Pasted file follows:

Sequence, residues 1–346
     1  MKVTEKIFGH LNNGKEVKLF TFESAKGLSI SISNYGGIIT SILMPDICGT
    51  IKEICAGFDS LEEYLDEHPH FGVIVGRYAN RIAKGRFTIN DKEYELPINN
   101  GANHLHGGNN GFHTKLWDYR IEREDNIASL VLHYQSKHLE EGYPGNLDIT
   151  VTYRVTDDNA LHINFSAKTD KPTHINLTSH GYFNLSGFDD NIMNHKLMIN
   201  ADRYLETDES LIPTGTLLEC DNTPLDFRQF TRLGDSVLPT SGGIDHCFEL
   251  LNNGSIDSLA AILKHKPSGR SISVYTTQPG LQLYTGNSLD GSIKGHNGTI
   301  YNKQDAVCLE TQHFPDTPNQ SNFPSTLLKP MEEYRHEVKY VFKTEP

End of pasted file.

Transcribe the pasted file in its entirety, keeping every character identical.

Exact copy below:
Sequence, residues 1–346
     1  MKVTEKIFGH LNNGKEVKLF TFESAKGLSI SISNYGGIIT SILMPDICGT
    51  IKEICAGFDS LEEYLDEHPH FGVIVGRYAN RIAKGRFTIN DKEYELPINN
   101  GANHLHGGNN GFHTKLWDYR IEREDNIASL VLHYQSKHLE EGYPGNLDIT
   151  VTYRVTDDNA LHINFSAKTD KPTHINLTSH GYFNLSGFDD NIMNHKLMIN
   201  ADRYLETDES LIPTGTLLEC DNTPLDFRQF TRLGDSVLPT SGGIDHCFEL
   251  LNNGSIDSLA AILKHKPSGR SISVYTTQPG LQLYTGNSLD GSIKGHNGTI
   301  YNKQDAVCLE TQHFPDTPNQ SNFPSTLLKP MEEYRHEVKY VFKTEP